Lucky Osborne (left) and his wife, Debi.
Lucky Osborne (left) and his wife, Debi. StoryCorps
Lucky Osborne's parents divorced when he was 7, and he grew up with his grandparents, "Mama Willie and Daddy Charlie," in the Mississippi Delta. "It was really in the country. We had a swamp behind the house."
As a young boy, he would sit on his bed at night and shoot alligators through the window with a .22 rifle. "The road ended at our garage. If somebody was coming down the road they were either coming to see us, or they were lost."
Osborne remembers Mama Willie always carried a wooden spoon in her apron pocket. "If you messed up, you could not outrun that spoon," he says. "She would ping you right on the top of the head with it. I don't care how fast you tried to run, that spoon would hurt."
"My grandfather, he was quite a man. I think he finished maybe the eighth grade .... but he could do anything he wanted to do."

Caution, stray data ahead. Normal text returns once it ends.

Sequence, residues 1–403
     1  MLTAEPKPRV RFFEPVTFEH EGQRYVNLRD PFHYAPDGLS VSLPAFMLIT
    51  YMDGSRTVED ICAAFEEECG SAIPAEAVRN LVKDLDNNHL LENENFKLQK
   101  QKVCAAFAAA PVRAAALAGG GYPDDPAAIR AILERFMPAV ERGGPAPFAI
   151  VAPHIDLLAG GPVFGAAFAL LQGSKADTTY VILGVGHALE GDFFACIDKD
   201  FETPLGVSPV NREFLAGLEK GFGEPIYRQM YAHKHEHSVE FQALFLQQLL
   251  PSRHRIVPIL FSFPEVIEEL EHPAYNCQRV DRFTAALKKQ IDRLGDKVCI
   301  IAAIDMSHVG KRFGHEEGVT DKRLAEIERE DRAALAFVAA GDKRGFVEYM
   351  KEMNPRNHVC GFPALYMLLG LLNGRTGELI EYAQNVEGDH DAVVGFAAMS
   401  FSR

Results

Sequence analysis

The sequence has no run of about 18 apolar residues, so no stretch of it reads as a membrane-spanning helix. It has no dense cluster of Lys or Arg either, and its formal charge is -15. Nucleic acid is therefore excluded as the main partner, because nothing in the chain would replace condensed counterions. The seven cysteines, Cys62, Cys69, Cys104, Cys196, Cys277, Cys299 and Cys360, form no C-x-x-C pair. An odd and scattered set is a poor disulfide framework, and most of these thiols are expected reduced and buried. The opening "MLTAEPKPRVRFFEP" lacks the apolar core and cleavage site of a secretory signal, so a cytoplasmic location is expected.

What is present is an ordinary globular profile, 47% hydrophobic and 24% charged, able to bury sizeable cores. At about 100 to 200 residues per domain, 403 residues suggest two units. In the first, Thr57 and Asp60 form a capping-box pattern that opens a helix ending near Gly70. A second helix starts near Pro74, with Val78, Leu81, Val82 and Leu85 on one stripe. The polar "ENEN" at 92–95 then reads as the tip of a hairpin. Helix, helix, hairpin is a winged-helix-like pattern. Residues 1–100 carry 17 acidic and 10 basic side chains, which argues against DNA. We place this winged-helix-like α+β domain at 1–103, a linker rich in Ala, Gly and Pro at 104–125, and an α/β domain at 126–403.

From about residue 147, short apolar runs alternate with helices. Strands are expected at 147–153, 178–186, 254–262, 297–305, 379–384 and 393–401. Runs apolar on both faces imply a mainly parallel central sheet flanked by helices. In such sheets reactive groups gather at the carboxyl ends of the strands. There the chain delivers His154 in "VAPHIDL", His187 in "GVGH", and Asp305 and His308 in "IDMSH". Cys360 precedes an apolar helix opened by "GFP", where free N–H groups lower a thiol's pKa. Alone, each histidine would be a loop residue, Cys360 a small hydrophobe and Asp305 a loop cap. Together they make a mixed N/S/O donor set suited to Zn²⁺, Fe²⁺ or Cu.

Mama Willie and Daddy Charlie had bought a little cafe, "just a little hole-in-the-wall." A sign painter wandered in one day.
"If you'll feed me, I'll paint a sign — any sign you want — on the front of your cafe," the man told Daddy Charlie. "Just write it out and give it to me."
"He printed out 'Ferrell's Cafe' real nice and neat [and] handed it to the guy," Osborne says.
A little while later, the painter returned. "Your sign's ready. I'm ready to eat."
Daddy Charlie and the painter went outside to look. The sign was upside-down.
"The man couldn't read," Osborne says. "Whatever my grandfather printed ... that's what he painted."
The sign stayed that way for years.
"People used to ask him, 'Charlie, why don't you have that sign fixed?' He says, 'No, people come by here and they'll stop and come in and ask me why that sign's upside-down. They're always gonna drink a cup of coffee, eat a piece of pie, hamburger, something.'
"He said, '[It was] the best advertising I ever had.' "
Produced for Morning Edition by Katie Simon and StoryCorps Senior Producer Michael Garofalo.